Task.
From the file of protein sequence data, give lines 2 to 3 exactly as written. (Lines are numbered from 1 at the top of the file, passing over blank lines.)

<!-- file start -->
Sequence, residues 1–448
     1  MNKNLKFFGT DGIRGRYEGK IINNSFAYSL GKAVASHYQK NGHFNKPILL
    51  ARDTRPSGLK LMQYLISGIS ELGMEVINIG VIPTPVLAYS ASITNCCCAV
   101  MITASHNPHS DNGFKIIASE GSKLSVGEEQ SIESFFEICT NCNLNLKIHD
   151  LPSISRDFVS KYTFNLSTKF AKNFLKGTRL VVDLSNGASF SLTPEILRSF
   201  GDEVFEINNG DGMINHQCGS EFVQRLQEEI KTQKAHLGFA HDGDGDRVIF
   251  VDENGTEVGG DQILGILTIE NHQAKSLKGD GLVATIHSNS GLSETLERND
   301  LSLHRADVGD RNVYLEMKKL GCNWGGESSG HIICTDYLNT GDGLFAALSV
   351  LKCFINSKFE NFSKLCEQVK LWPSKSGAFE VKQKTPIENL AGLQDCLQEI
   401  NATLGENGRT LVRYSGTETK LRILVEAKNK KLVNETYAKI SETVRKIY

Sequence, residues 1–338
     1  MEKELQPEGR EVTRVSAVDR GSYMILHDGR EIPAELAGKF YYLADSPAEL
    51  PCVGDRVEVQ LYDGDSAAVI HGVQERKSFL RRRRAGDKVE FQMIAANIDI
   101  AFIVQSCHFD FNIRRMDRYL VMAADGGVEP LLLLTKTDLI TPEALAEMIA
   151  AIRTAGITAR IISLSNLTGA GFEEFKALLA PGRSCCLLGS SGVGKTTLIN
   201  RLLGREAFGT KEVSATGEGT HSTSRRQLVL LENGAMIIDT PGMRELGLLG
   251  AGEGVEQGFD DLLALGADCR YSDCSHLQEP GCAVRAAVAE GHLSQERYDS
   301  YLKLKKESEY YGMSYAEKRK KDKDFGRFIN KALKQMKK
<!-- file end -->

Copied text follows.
     1  MNKNLKFFGT DGIRGRYEGK IINNSFAYSL GKAVASHYQK NGHFNKPILL
    51  ARDTRPSGLK LMQYLISGIS ELGMEVINIG VIPTPVLAYS ASITNCCCAV